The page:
Optimum highway design includes a roadside that is flat, traversable, and free of hazards. The American Association of State Highway and Transportation Officials (AASHTO) Roadside Design Guide (RDG) has been adopted by the FHWA as our guidance for reviewing State roadside design policies for use on the National Highway System (NHS). The RDG includes guidance on roadside topography and safety hardware including breakaway sign and lighting supports, crash cushions, and longitudinal barriers including those for use on the roadside, medians, and as bridge railings. Each highway agency should have a written policy for designing clear roadsides that incorporates wide clear zones, traversable drainage structures, and breakaway sign and lighting supports. The roadside policy should also describe how the remaining hazards may be relocated, modified, shielded or delineated. The FHWA recommends that highway agencies adopt the RDG as their roadside policy document. If the agency chooses to develop its own roadside policy, it should fully explain the reasons for any significant deviations from the RDG and the basis for such deviations should be well documented. Where the State’s roadside policy calls for the installation of safety hardware and Federal-aid reimbursement for the hardware is expected, hardware that has been found “eligible for reimbursement” should be required.

B. FHWA hardware review

Eligibility of hardware for reimbursement under the Federal-aid program is based on a review of data submitted by the petitioner, who certifies the hardware meets the appropriate crash test criteria. The FHWA reimbursement eligibility process provides a consistent process that establishes whether the hardware is eligible for reimbursement under the Federal-aid highway program on a national level. Eligibility for reimbursement under the Federal-aid highway program does not establish approval or endorsement by the FHWA for any particular purpose or use as the FHWA, the Department of Transportation, and the United States Government do not endorse products or services.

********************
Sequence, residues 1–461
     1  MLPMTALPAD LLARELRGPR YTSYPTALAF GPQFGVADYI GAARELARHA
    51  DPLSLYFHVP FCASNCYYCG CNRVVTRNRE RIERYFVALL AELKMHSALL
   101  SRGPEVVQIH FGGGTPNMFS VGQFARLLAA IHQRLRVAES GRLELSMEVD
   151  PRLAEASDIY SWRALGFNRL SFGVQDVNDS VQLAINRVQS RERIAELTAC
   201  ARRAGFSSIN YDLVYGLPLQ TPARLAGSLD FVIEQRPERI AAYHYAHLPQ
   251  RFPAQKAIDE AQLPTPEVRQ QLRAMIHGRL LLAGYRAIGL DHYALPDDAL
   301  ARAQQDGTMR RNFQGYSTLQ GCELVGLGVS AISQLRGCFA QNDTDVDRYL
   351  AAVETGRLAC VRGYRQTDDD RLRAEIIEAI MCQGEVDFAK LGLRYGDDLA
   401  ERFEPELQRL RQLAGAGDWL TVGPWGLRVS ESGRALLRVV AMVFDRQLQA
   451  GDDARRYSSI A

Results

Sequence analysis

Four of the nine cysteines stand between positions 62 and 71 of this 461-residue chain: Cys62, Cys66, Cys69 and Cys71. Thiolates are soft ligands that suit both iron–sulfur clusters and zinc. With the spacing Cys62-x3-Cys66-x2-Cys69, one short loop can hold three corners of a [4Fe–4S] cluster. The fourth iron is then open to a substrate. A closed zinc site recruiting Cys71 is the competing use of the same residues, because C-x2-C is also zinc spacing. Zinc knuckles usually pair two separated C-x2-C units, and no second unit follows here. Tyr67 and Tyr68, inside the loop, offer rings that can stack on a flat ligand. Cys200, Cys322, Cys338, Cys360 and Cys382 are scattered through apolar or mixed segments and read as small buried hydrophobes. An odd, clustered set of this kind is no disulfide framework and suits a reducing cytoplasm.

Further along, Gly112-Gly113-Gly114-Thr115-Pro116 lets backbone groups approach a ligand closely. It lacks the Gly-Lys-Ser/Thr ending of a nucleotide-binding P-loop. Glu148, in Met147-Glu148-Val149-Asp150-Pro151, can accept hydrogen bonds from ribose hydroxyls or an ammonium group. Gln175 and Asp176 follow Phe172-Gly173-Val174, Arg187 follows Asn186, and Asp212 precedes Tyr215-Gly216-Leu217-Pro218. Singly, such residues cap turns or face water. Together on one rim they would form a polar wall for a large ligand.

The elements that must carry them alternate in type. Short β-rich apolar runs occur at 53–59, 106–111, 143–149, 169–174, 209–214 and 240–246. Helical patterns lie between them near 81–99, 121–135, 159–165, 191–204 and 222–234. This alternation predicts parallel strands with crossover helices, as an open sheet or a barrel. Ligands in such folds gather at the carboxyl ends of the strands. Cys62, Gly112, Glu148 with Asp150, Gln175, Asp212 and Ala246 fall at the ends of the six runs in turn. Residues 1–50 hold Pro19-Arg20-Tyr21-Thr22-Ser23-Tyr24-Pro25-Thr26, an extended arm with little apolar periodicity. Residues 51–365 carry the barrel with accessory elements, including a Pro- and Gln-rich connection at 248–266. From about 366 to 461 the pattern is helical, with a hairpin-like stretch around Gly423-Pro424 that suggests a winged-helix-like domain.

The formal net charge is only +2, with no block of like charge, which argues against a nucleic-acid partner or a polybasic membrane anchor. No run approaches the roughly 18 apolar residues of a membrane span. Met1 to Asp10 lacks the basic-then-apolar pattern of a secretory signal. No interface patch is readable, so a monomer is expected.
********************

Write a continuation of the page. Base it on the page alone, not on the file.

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II. Hardware Development

A. New hardware

All hardware that has not received a Federal-aid reimbursement eligibility determination should be crash tested and those results certified by an accredited test facility that is independent from the developer of the safety hardware. Crash testing is the responsibility of the developer of the safety hardware – the FHWA does not pay for the crash testing of proprietary (patented) hardware. See Section III below for information on crash testing of new hardware and a link to the listing of accredited test facilities.

The recommended criteria for roadside safety hardware crash testing are described in the AASHTO MASH.

As the full development of roadside safety hardware may require eight or more full-scale crash tests (at approximately $50,000 each), a developer may use computer simulation during hardware development/refinement to optimize the design in order to minimize the expense of crash testing. The use of Finite Element Analysis (FEA) is a useful computer simulation tool for evaluating alternative designs and changes to roadside safety hardware as part of a crash-testing program. However, FEA should not be used as a substitute for full-scale crash testing of new hardware. As noted in Section III below, it may potentially be used in lieu of crash tests to support the modification of crash-tested hardware. FHWA’s memo on the Roadside Safety Hardware – Federal-Aid Reimbursement Eligibility Process may be found at: http://safety.fhwa.dot.gov/roadway_dept/policy_guide/road_hardware.

B. Modifications to hardware that already has a Federal-aid reimbursement eligibility letter